Kochi Biennale: Dutch artist plans a summit of terror outfits, sparks row

published on January 1, 2013

The ongoing Kochi-Muziris Biennale has landed in trouble over Dutch artist Jonas Staal’s plan to conduct a summit of banned Indian and international terror outfits. Staal is already under police eye over his installations, which are billboards depicting the flags of banned outfits from across the world.

Kochi city Police Commissioner M R Ajith Kumar said an inquiry has been ordered into Staal’s installations. “We will take action if his installations are against the law. We are also inquiring into the proposed new world summit of banned outfits in March. Appropriate action will be taken if the event is illegal,” he said.

Police sources said the summit would not be allowed if it was meant for a gathering of banned outfits. A legal opinion has been sought on taking action against the artist, said sources. However, the presence of Kerala Home Secretary Sajan Peter, former RAW chief Hormis Tharakan and former Kerala chief secretary Lizzy Jacob as members of the Biennale trust makes the issue delicate for police.

Staal is planning to mark the end of Biennale in March with the third new world summit, ‘History according to resistance movements’. The first new world summit was held in Berlin in May and the second in Leiden, Netherlands, on December 29.

Claiming that the plan was legal, Staal earlier stated that it was dedicated to providing alternative parliaments hosting organisations that currently find themselves excluded from democracy, for example by means of so-called international designated terrorist lists.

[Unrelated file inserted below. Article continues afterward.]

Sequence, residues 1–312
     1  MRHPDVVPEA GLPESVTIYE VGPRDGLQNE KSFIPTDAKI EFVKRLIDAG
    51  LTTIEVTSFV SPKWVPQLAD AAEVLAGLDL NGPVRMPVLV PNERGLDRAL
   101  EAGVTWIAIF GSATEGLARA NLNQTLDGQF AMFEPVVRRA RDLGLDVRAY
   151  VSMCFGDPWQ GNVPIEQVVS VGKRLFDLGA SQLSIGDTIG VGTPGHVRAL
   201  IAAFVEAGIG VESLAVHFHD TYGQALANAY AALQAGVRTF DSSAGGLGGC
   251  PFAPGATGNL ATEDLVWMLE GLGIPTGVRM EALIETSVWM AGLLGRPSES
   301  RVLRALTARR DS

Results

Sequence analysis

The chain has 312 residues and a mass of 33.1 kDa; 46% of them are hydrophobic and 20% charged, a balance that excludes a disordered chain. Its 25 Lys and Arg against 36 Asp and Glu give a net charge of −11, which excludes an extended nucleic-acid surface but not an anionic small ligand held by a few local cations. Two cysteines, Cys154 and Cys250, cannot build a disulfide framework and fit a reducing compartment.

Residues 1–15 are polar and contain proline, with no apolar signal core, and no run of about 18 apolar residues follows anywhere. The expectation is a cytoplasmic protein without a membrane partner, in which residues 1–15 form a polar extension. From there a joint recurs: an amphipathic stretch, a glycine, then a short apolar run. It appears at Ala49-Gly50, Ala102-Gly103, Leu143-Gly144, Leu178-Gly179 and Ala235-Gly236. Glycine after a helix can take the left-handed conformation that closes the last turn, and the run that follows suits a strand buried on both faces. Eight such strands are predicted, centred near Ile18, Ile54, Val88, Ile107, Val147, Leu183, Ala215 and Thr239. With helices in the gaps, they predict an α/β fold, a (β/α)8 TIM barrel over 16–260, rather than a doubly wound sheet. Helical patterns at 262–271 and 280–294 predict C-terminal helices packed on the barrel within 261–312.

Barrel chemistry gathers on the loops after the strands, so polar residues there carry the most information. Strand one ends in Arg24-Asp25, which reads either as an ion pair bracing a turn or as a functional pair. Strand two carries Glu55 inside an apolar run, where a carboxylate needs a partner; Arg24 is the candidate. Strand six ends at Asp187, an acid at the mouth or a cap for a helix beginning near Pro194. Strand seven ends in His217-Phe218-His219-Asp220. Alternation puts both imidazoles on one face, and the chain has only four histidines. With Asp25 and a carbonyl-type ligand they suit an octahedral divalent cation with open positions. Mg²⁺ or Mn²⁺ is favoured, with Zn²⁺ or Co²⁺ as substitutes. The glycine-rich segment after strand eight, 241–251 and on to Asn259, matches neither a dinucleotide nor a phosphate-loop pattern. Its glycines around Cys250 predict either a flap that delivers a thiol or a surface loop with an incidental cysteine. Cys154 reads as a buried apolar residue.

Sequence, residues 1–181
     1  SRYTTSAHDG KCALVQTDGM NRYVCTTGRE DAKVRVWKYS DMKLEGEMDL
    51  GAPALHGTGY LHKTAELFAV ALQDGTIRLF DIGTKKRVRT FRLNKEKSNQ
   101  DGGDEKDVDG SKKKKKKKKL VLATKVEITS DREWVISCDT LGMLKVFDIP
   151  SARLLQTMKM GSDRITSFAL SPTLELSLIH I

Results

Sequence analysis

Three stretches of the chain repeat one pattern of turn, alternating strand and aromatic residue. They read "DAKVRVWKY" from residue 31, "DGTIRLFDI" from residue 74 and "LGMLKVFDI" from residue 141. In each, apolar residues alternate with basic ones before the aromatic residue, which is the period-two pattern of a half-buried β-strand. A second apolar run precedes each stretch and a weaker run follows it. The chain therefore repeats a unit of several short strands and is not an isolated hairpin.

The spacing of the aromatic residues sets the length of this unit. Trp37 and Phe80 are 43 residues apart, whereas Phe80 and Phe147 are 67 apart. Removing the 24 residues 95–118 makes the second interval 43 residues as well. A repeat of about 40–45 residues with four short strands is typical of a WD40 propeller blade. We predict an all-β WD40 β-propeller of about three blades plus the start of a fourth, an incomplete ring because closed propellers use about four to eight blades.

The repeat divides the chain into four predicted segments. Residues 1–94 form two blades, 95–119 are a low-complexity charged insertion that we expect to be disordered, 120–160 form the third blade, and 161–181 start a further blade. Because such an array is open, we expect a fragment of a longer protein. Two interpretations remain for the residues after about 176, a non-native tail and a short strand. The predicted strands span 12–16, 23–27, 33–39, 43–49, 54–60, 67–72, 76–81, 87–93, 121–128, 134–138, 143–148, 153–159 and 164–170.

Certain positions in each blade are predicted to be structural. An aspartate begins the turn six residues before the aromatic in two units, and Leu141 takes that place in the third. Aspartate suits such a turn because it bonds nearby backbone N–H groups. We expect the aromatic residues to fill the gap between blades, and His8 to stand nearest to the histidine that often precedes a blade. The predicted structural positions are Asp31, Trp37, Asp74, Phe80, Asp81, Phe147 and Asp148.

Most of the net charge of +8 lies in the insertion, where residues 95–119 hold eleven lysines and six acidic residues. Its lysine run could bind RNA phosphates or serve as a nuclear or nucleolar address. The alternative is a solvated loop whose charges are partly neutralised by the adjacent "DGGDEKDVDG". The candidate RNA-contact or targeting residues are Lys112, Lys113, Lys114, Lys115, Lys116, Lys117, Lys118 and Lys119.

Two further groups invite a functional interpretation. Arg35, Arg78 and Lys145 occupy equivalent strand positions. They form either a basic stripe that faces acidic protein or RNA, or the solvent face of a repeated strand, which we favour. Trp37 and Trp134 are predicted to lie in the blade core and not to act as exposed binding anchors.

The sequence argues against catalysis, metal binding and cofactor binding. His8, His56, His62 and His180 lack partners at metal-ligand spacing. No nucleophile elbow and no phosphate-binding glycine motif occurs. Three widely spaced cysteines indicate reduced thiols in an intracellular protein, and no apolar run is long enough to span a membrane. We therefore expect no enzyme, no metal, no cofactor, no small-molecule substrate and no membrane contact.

His installations at the Biennale include 45 billboards depicting flags of banned outfits. He said he would invite all banned outfits to take part in the summit to air their ideologies. The representatives invited at the New World Summit are all based in India. “Our summit is legal. We seek to enlarge the space within which we explore the concept of democracy but we do this within the space provided by Indian law,” said Staal.

Biennale director of communications Michelangelo Bendandi said Kochi-Muziris Biennale was assured by Staal that the legality of the installation and performance had been researched and that neither involved any infringement. “Biennale is an international art event. An artist is free to display his works. We are not aware of the police investigation,” said Bendandi.

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